Public policy can have an impact on parenting behaviour and achieve positive outcomes for children, but there is currently a lack of evidence on what works – according to new research by the Social Mobility Commission.
The report says that parenting interventions can be successful – particularly those that focus on parenting styles, the creation of a supportive home learning environment, relationships within the family and parental stress and mental health.
Programmes can give parents a greater understanding of child development, develop parents’ confidence in their role and support both parents to become actively involved in a child’s upbringing.
The ‘Helping parents to parent’ report was commissioned by the Social Mobility Commission to bring together evidence on parenting behaviours and the extend to which public policy can support parents. It examined 28 interventions and programmes in the United Kingdom and internationally.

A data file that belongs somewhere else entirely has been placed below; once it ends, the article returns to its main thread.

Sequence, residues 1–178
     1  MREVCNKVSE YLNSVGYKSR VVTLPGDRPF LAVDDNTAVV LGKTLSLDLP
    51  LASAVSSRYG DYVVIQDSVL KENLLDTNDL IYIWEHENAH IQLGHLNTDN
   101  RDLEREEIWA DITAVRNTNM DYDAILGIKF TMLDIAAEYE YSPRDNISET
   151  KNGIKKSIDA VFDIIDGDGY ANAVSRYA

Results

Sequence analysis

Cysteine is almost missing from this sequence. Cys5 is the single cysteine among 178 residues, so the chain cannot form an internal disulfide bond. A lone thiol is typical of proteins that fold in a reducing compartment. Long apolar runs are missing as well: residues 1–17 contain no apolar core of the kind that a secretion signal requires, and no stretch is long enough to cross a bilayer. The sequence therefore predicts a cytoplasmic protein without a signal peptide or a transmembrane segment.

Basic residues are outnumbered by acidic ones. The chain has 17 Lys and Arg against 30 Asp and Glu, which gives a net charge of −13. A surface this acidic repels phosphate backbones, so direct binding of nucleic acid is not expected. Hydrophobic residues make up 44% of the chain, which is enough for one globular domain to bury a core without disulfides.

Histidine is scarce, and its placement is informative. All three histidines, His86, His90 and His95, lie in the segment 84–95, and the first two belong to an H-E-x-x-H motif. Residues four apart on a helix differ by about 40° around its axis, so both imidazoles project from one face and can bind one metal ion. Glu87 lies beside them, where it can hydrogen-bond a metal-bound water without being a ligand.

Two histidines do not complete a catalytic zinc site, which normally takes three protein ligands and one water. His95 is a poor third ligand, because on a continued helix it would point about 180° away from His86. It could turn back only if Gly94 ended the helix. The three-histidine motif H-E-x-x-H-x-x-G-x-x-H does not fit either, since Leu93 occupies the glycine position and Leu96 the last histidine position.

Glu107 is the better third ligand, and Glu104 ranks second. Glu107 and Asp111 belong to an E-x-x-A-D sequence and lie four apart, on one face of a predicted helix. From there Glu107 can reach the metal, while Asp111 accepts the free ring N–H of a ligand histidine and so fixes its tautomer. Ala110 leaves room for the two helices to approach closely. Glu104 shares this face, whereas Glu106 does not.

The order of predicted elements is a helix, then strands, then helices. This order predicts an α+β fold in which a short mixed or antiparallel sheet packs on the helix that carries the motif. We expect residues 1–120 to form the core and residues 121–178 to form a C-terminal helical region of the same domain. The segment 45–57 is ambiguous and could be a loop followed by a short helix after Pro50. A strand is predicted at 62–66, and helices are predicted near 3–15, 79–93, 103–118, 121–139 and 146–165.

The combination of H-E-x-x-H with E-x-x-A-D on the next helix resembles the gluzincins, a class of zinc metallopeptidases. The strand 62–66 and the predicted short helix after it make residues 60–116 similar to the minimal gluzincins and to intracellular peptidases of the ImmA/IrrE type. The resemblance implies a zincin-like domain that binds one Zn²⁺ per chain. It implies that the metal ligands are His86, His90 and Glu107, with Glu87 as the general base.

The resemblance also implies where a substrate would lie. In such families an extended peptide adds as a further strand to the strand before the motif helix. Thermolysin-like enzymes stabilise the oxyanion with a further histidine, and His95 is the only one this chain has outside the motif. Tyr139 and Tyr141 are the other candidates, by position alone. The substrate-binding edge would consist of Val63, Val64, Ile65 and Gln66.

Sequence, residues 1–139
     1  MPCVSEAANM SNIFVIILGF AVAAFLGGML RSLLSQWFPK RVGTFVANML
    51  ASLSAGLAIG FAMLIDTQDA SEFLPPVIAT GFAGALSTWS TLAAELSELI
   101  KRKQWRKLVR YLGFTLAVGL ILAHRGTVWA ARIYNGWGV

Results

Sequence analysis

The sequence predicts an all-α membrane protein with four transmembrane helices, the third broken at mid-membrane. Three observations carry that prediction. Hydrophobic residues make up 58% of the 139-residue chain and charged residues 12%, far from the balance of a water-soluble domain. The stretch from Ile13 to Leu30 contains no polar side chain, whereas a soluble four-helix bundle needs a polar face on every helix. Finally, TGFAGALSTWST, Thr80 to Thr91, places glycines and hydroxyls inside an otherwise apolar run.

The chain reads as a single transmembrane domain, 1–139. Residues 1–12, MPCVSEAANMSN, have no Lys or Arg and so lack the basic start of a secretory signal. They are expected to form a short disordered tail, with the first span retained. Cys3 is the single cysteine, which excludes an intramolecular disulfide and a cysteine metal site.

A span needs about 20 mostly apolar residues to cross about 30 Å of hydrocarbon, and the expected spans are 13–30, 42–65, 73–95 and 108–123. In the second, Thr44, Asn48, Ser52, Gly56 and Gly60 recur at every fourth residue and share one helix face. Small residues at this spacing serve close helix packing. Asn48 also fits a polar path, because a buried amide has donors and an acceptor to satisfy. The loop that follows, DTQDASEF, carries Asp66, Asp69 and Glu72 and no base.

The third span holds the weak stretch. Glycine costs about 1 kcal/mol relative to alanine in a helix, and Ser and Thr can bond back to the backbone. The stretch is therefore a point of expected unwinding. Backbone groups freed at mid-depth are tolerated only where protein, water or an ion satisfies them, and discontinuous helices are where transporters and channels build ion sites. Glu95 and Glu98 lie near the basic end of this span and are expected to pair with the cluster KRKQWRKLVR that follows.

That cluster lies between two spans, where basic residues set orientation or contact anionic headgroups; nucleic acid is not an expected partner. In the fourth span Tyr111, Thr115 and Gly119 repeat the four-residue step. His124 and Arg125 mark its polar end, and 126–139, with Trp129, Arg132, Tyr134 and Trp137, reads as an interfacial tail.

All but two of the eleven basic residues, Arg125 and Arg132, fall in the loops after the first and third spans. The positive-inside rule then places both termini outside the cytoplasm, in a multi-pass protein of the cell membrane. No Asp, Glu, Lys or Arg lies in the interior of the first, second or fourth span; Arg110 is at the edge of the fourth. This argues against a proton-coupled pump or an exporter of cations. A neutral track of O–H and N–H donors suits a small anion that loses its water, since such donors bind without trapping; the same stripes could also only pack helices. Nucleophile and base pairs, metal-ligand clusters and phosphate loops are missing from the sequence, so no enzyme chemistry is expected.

Key recommendations include:
- There is a need for highly trained practitioners to implement and deliver parenting interventions.
- There is a need for more family centres or single-access platforms that provide an umbrella of universal parenting support and services and are easily accessible for all families.
- Home visiting programmes, or those with a home visiting element, have the potential to deliver more success in improving children’s outcomes.
- There is a lack of long-term evidence on parenting interventions and programmes. The government should commission further research on this issue and there needs to be a robust and consistent tool for evaluation.